Today in superficial statistics (peaceful transitions edition)

As always happens at some point on every Inauguration Day, some drunken DC fool blathers something about celebrating America and her “tradition of peaceful transfers of power” and I guess everyone in the country is traditionally supposed to try to kiss their own asses for being so special or whatever. This year I gather it was Lamar Alexander (R-YouSeriousWithThosePlaidShirts?) as the blatherer, but then suspiciously intellectual-looking Dylan Matthews had to go America-Hatin’ on the Craptial’s Newspaper of Ill Repute, and he produced this chart to say, nuh-uh, America isn’t so special, after all:


Now, I’d like to cite the original source of this wonderful chart, but Mr. Matthews didn’t offer it and for all I know he made it himself. What I do know is that it’s spectacularly useless as to making any kind of point. Why? Let’s examine a few of the reasons:

  • The chart evidently assumes that every change in US presidential administration counts as a “peaceful, democratic transition.” There have been 44 US presidents so, ipso facto, we’ve had 43 peaceful transitions. Except I bet if we could raise Presidents Lincoln, Garfield, McKinley, and Kennedy from their resting places (where they were put by, you know, assassins), they might raise some objection to the idea that the ends of their terms came “peacefully.”
  • For that matter, as Kevin Drum suggests, are we really saying that Lincoln’s 1861 inauguration was a peaceful democratic transition? Sure, the part where half the country violently rebelled came shortly after his inauguration, but isn’t that really splitting hairs?
  • How much of a “transition” was, say, Washington’s replacement by his own vice-president? Jefferson’s replacement by his own Secretary of State, who was then replaced by his? Teddy Roosevelt’s replacement by his hand-picked successor? For that matter, when any new president comes from the same party as the previous one, does that really count as a “transition”? Should we really be giving ourselves gold stars over the fact that the streets didn’t run red with blood when George the Elder took over for St. Ronald after serving as his VP for 8 years?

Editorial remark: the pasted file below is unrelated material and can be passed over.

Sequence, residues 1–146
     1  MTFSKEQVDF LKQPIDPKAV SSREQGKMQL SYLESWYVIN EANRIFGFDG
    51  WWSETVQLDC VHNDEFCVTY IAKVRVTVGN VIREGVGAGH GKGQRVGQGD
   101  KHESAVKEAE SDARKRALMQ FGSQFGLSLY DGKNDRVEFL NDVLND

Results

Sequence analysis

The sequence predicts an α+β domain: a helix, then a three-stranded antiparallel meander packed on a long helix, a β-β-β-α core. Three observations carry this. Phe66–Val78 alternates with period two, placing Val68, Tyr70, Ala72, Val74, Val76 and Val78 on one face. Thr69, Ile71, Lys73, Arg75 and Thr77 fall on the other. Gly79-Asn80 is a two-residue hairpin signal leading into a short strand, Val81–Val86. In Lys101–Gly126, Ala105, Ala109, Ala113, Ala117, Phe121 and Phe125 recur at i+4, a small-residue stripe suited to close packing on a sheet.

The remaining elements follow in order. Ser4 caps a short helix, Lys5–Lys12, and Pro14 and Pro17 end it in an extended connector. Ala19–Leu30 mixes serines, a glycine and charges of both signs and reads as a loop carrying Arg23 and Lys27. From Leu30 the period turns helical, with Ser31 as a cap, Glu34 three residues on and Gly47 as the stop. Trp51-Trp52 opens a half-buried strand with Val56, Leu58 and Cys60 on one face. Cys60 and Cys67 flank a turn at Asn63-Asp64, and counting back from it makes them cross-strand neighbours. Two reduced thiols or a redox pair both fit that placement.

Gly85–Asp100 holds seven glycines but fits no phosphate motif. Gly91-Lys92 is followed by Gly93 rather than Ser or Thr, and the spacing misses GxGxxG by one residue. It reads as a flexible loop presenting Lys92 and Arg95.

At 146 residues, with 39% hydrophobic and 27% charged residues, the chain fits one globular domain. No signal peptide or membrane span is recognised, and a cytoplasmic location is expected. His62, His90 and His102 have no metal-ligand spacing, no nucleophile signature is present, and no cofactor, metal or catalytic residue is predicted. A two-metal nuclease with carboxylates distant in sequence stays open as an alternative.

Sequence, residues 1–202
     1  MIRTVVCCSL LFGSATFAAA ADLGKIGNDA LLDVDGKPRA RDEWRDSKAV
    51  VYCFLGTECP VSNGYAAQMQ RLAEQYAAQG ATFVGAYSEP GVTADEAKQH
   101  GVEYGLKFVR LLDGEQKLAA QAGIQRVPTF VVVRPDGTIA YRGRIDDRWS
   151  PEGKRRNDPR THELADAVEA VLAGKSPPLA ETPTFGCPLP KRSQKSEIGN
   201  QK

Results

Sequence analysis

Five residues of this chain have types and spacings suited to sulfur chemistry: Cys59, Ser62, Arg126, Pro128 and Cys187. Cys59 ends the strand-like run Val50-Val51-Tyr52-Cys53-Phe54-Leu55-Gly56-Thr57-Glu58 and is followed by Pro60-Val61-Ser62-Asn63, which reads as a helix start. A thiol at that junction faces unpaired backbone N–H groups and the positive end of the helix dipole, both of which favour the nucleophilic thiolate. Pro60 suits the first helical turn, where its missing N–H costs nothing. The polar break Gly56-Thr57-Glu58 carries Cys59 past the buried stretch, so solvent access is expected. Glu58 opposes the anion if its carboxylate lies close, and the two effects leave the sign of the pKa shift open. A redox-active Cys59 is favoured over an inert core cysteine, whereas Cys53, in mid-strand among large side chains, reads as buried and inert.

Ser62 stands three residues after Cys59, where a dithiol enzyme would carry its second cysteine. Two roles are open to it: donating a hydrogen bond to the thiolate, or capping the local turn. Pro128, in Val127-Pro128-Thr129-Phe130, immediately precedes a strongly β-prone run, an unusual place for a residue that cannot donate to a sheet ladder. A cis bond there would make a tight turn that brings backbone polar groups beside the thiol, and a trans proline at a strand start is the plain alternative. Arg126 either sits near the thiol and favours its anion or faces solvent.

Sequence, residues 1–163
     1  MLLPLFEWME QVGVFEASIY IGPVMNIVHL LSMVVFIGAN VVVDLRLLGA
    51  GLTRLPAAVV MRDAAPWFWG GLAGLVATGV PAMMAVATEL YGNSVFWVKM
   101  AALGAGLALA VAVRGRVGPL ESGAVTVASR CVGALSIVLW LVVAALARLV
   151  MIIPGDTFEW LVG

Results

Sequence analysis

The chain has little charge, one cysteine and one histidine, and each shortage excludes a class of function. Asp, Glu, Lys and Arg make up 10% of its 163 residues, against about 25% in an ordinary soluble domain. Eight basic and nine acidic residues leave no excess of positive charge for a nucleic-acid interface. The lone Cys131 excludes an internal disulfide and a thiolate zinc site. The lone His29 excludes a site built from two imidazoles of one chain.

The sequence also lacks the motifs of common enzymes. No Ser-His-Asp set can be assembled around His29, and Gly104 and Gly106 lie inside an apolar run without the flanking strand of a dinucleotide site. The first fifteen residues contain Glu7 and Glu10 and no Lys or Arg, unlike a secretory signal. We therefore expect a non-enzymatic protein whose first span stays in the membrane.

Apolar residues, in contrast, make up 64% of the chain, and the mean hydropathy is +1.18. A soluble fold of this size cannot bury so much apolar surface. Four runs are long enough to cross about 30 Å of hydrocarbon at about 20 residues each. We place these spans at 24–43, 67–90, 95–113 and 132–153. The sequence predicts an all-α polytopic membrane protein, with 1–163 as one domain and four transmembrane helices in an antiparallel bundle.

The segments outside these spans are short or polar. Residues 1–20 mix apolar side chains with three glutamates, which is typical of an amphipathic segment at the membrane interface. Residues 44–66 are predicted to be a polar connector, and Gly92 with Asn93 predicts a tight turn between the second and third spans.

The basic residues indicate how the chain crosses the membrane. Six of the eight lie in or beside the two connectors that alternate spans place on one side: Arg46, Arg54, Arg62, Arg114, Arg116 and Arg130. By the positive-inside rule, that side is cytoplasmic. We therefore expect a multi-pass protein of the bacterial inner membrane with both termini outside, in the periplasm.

• What about some of these other countries? In the UK, it appears whoever made that chart is, as for the US, just counting up the number of past UK PMs and subtracting one. Except, this is misleading not only because sometimes one PM succeeds another PM from the same party, or because for a chunk of that time the UK was not all that “democratic” (unless you would agree that allowing only about 10% of the adult male population to vote [prior to 1832] qualifies as “democratic”) nor did it “transition” all that much (unless you want to ignore that a lot of executive power still belonged to the UK’s inherited and stable monarchy over much of the period in question), but also because the UK changes PMs far more frequently than we change presidents, since PMs have no set term in office (going back to the first PM, Robert Walpole, according to this chart the UK has had arguably 74 transitions of power compared to America’s 43, but only over a period of about 50 or 60 more years). I would argue that this chart makes the UK’s record look disproportionately better than America’s (if you ignore all the objections I just raised to America’s place on the chart) by focusing on transitions rather than over the period of time during which those transitions have occurred. On the other hand, maybe you think the fact that they’ve managed 30 more transitions in only ~60 more years is actually more impressive than the graph lets on. Either way the chart is comparing apples and oranges to some extent.
  • The same problem comes up in countries like Italy and Japan, where there have been periods during which both countries have gone through two or even three governments in a single year, which either makes their string of peaceful transitions more or less impressive depending on how you look at it. In any case, the chart doesn’t account for that fairly crucial bit of information, the length of time over which these records were accumulated.

I’m sure somebody with a better grasp on the internal politics of the other nations in this chart can pick it apart further, but at any rate just counting up the number of presidents and/or PMs a country has had and subtracting 1 is hardly the basis for a serious discussion about peaceful transfers of power. Circumstances matter. History matters.

ADDING (6:37 Central): I don’t want to come off as demeaning or diminishing what the US has achieved at the same time I’m arguing that 43 CONSECUTIVE PEACEFUL TRANSFERS OF POWER maybe isn’t a helpful or interesting figure. There have been a few true successes in our electoral history, in terms of fending off the potential for violent interference in the process: 1796, our first truly contested election; 1800, the first transition from one party to another; 1824, when Andrew Jackson could have made quite a mess had he fought the Clay-Adams bargain; 1864, successfully pulling off a democratic election in the middle of an ongoing rebellion; 1876, when Hayes made a deal to end reconstruction in exchange for southern Democrats throwing the election to the House on his behalf, could have been another flashpoint but wasn’t; and I would say that the election and re-election of the nation’s first black president probably qualifies for this list as well.


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